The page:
It was inevitable after two wave elections favoring Democrats that there be a correction to restore balance — however, no one envisioned the Tea Party. The education of Tea Party supporters to the confines of working in Washington is going to be a wondrous thing to watch, and it should begin very soon. Like right after January 20.
One of the first considerations for the new Congress will be increasing the debt ceiling to allow the United States government to continue operating. It will be the first opportunity for the new kids on the block to demonstrate for their voters how they will behave in relation to the Republican Party and the responsibilities that come with being elected. Will they draw hard lines in the sand and refuse to capitulate, or will they be co-opted by political realities within their first 30 days?
That the Tea Party could field and elect so many candidates is a function of Barack Obama’s legislative priorities. Recognizing he might never have 60 Democratic Senators again, he chose to go for broke on healthcare reform, and he won, but was in turn thwarted in attempts to pass meaningful jobs legislation. It’s the resultant pain felt by Americans that’s fueled the Tea Party’s rise to national prominence. For the next two years, Obama will have to deal with the consequences of that decision.
Regardless of what Tea Partiers may believe, there are thousands of American corporations with their lips firmly affixed to the government teet, and they want to be paid. Mainstream Republicans recognize that fact, and have always been loath to shut down the government in any other than a symbolic fashion, but will the Tea Party’s constituents understand? Despite the fact that the budget was legislatively approved, a fait accompli, will Rand Paul believe he has the right to line-item veto spending he finds objectionable? Can Mitch McConnell explain to Paul that in order to pay General Dynamics, we must pay the welfare mother as well?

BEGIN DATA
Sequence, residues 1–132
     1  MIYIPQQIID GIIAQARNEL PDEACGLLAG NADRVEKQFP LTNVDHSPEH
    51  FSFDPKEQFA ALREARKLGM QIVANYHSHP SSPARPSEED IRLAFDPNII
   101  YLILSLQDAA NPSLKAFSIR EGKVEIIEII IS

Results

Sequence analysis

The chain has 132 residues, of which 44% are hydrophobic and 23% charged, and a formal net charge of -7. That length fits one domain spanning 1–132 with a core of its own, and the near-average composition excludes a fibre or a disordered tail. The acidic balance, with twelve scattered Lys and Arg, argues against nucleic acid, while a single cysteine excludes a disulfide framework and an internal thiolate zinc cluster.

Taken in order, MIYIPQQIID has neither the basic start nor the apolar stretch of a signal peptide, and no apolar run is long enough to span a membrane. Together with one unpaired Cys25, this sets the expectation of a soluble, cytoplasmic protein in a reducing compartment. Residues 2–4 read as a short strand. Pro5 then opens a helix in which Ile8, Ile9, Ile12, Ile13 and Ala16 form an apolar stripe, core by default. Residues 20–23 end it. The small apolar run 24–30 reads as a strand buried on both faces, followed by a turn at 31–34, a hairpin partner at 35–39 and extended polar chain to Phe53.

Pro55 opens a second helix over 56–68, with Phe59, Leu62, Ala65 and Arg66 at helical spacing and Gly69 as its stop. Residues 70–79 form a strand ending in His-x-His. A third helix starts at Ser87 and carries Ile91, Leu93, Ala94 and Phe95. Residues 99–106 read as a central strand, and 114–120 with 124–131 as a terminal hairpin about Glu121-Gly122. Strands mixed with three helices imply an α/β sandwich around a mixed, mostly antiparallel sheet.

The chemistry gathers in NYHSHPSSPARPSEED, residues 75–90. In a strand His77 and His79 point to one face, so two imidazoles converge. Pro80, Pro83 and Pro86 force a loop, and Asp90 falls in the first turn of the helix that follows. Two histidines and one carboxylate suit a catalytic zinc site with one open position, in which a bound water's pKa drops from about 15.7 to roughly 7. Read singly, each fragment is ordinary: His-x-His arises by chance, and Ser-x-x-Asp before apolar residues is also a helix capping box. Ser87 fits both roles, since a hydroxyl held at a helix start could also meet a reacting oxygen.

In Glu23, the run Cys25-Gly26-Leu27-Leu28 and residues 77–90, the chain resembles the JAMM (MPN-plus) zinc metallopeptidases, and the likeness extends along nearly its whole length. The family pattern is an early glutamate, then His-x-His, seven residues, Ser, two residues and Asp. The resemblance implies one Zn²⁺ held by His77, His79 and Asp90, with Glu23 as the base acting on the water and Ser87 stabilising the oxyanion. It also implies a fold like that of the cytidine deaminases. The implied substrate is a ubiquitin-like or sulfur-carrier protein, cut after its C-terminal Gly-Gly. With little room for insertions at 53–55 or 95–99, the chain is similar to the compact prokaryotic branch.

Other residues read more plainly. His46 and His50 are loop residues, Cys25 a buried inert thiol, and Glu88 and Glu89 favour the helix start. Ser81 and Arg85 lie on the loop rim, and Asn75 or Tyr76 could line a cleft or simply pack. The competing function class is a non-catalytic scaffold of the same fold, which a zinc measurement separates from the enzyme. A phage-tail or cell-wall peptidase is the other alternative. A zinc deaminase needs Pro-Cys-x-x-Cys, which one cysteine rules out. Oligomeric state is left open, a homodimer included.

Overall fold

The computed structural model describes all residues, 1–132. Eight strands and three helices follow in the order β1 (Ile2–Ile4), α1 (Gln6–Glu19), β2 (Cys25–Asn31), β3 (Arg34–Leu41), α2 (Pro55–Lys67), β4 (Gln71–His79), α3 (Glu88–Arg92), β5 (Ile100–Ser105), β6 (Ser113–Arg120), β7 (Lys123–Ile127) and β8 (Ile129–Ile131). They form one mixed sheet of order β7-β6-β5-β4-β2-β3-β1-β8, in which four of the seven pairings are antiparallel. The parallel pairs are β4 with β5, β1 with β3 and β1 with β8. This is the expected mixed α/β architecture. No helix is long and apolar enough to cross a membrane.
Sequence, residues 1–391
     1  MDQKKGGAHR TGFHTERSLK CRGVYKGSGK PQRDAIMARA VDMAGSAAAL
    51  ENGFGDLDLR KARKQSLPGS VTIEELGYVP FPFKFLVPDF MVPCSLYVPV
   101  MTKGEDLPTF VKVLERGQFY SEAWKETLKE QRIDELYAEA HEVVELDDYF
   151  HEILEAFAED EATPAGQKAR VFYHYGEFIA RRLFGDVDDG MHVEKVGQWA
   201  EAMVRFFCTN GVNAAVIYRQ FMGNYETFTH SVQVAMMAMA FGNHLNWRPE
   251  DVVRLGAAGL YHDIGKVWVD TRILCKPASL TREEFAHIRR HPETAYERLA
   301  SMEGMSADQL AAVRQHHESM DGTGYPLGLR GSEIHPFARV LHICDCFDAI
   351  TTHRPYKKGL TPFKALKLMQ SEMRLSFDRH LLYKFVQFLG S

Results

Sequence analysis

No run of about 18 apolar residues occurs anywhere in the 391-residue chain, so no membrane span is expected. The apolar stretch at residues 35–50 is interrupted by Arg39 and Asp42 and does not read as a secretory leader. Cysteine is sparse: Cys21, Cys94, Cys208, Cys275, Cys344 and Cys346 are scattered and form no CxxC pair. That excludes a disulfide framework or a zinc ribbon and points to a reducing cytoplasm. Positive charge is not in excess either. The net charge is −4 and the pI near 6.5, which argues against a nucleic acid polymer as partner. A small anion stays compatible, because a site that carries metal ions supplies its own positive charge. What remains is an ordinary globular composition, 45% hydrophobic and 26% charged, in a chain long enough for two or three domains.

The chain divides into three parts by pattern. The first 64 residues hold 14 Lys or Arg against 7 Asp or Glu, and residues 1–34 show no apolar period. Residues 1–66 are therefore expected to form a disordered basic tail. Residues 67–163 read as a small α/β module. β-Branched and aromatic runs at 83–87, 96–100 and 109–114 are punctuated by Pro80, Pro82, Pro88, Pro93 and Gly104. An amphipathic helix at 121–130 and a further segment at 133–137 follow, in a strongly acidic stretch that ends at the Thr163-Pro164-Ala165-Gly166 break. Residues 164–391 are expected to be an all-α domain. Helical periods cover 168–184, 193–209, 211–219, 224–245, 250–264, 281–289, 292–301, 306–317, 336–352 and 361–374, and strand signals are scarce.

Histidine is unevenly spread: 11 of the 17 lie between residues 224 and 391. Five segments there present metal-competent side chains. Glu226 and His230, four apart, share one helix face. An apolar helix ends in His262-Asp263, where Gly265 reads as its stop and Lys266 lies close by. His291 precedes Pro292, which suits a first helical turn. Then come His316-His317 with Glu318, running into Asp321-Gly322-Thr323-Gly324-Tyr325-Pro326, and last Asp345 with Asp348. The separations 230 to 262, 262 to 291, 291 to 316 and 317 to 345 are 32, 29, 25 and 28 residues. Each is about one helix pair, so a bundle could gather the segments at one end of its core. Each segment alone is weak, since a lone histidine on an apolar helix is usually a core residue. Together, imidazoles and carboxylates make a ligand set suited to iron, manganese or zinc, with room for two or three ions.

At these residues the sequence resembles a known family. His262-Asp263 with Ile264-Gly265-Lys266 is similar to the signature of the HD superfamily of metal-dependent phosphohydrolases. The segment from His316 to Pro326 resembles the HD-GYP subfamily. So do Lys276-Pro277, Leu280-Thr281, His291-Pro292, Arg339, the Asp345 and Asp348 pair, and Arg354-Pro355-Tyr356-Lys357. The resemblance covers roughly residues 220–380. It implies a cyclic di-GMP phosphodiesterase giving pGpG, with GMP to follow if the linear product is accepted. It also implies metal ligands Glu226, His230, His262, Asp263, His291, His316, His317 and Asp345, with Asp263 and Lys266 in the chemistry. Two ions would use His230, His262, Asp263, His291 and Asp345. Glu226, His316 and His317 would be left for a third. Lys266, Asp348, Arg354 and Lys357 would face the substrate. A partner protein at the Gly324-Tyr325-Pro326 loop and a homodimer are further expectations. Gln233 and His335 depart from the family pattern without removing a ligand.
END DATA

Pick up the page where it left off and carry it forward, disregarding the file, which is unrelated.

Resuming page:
Another fiscal policy disaster waiting for them will be the decision to continue the Bush tax cuts for the wealthiest Americans. They added hundreds of billions of dollars annually to the deficit with the promise of job creation, however Bush created fewer jobs in eight years than any president since the Great Depression. Only the most obtuse still believe that tax credits create jobs, so how will they rationalize continuing the tax cuts for the wealthy, and what programs will they eliminate to pay for them?
The Democrats have their own issues as they regroup for the 2012 elections, not the least of which is moving forward on any meaningful legislation. The GOP’s intent is clearly to obstruct, so what can the Democrats accomplish over the next two years? The hope for them is that the Tea Party is so reactionary that Obama can triangulate and gain the cooperation of mainstream Republicans in order to keep the country functioning.
The fact is that the party base has seized control bodes ill for the Republicans in the long-term. There was similar situation in the late 70s through mid-80s with the Democrats, which is what precipitated the shift to the right we see today. As reasonable Democrats were marginalized by the ideologues, candidates less likely to be elected were fielded because they met some “purity standard,” much like Tea Party candidates today. Intuitively it signals a move back to the left. Karl Rove is working furiously to regain control of the party he built starting in 1980 without significantly marginalizing fringe candidates. It’s unlikely he can succeed, and the Republican brand will take a significant hit.